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So I could go into France on a Schengen visa and then go to the UK and then come back to get my french visa stamped? That's it, isn't it? Thanks a lot for your support and assistance.
That would probably work. If they asked you about the visa in your passport on entry to France, you'd just have to tell them that you're not planning on staying, but will be back after the effective date of the visa.

Just be careful on re-entering France from the UK or any other European country. They often don't have anyone around to check passports, so you may have to hunt around for someone to stamp your passport when you need it! If all else fails, go to the gendarmerie closest to where you are settling within your first few days in the country on your visa and ask them to validate your passport. They used to do this a few years back - if they don't do it anymore, they'll probably send you to the prefecture or someplace similar. But you do need to have that stamp from the date which you are entering the country "with the intention of staying for the long term." (That's what caused me all my trouble way back when.)
Cheers,
Bev
 

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Discussion Starter #10
That would probably work. If they asked you about the visa in your passport on entry to France, you'd just have to tell them that you're not planning on staying, but will be back after the effective date of the visa.

Just be careful on re-entering France from the UK or any other European country. They often don't have anyone around to check passports, so you may have to hunt around for someone to stamp your passport when you need it! If all else fails, go to the gendarmerie closest to where you are settling within your first few days in the country on your visa and ask them to validate your passport. They used to do this a few years back - if they don't do it anymore, they'll probably send you to the prefecture or someplace similar. But you do need to have that stamp from the date which you are entering the country "with the intention of staying for the long term." (That's what caused me all my trouble way back when.)
Cheers,
Bev

jSo they will actually stamp my visa upon arrival? I thought I read somewhere that I had to go to the prefecture to get my visa 'activated' if you will. You got into trouble for not getting a long-term visa validated? How did that work out?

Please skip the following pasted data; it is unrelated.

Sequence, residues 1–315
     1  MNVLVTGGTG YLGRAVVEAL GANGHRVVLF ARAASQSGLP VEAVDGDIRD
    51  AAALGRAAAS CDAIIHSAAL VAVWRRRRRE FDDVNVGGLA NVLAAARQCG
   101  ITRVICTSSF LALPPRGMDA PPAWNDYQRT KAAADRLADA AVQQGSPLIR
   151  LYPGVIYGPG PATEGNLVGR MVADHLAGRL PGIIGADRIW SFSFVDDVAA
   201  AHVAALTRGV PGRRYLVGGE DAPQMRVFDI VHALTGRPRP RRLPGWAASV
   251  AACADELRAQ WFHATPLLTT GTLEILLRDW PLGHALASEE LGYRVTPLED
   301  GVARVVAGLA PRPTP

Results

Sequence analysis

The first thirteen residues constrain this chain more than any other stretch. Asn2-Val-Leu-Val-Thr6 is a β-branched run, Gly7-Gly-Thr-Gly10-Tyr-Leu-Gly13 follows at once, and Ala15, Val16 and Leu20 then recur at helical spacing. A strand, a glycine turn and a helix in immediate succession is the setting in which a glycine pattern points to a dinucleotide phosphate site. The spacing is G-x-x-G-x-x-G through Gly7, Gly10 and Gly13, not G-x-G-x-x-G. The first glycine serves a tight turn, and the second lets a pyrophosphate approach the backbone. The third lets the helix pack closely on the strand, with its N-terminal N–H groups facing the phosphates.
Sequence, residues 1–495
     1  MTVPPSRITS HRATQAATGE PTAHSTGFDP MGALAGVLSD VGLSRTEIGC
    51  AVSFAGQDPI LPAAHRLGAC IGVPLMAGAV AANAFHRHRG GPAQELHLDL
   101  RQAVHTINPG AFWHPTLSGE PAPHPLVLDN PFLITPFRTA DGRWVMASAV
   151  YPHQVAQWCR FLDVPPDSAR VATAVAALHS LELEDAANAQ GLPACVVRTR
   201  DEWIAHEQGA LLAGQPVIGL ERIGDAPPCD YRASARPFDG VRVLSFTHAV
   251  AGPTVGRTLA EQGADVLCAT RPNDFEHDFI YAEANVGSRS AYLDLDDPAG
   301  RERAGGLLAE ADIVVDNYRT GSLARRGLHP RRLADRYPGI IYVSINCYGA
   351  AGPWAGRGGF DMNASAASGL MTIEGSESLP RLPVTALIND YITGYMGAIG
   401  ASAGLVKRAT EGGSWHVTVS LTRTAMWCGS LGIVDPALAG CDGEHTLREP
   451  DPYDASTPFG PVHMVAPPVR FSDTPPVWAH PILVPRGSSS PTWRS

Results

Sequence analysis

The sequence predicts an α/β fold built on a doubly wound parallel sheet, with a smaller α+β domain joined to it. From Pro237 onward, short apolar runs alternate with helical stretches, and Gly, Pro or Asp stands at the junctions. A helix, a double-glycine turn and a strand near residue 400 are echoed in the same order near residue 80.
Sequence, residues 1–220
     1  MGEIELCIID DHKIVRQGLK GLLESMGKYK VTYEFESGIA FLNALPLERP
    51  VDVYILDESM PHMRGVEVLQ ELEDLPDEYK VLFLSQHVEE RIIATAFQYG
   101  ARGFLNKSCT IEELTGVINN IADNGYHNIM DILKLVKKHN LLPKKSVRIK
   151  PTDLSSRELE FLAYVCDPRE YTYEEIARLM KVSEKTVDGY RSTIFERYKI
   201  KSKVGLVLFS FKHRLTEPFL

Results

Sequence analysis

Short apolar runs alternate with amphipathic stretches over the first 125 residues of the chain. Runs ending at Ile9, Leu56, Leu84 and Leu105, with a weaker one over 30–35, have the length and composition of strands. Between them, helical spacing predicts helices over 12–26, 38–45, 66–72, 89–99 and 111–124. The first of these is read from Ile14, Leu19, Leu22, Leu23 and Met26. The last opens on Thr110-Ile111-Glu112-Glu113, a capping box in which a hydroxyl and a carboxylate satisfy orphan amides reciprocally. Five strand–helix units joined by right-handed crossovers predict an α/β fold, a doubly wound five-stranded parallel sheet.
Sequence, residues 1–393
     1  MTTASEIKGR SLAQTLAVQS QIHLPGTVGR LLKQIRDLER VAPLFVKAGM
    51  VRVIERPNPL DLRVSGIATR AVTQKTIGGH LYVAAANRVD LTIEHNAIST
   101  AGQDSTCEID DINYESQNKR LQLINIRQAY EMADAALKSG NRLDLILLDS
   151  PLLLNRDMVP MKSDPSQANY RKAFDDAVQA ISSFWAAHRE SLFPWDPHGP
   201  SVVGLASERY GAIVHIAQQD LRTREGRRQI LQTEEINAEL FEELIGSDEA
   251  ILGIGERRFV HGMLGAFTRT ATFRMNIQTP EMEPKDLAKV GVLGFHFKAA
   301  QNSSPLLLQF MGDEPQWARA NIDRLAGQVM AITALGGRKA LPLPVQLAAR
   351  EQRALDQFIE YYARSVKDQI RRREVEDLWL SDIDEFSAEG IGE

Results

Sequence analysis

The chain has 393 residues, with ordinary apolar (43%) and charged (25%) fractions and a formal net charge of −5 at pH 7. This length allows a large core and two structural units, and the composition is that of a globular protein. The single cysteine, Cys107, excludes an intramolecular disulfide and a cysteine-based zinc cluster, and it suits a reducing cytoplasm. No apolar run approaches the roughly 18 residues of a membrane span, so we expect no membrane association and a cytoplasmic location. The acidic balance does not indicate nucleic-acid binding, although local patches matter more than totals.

Cheerios

D
 

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jSo they will actually stamp my visa upon arrival? I thought I read somewhere that I had to go to the prefecture to get my visa 'activated' if you will. You got into trouble for not getting a long-term visa validated? How did that work out?

Cheerios

D
Actually, I didn't have a visa at all. But what they were on my case about was that I had entered the country "with the intent of remaining for the long term" without having presented myself to the border authority to have my passport stamped. What happened was that I entered France from Germany (where I had been living) in the early days of Schengen - so there was no one at the border station where I just drove right on in.

A year or two after all that, while I was having all my trouble with the immigration people, they published a procedure that said you should present yourself to the local gendarmerie to declare your presence in France and get your passport stamped with your date of entry (or, I expect, the date of making your "declaration"). But for me it was too late, since I'd turned in my paperwork for a carte de séjour but couldn't show from my passport when I had entered the country.

The procedures have changed a couple zillion times since then, so it's very possible that you may wind up having your visa validated these days by the prefecture rather than on entry.
Cheers,
Bev
 

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Discussion Starter #12
Thanks for sharing, Bev. So I'm ready to book my flight. I've found an amazing deal from Austin, TX to Toulouse for $487 that arrives on the 15th. If I get stamped as a tourist, it should be acceptable to leave the Schengen and come back in after the 20th to get my visa validated?

Has anyone out there arrived in France recently on a long-term spousal visa? When and how was it validated? Thanks a lot!
 

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Hello... I have arrived in France on my visa!! It feels really good to be here. I am living in Millau and it is super beautiful here. I am beginning the process with the OFII now. I have talked to the prefecture in Rodez and they are sending me some information. My question for you is this...was I supposed to get the OFII paper back from the Houston embqssy? I gave them one and never got it back. Hqs anyone gone through this process? Also how does the process to get permission to work go from here? Thanks a lot

Bonne fetes!!

Deez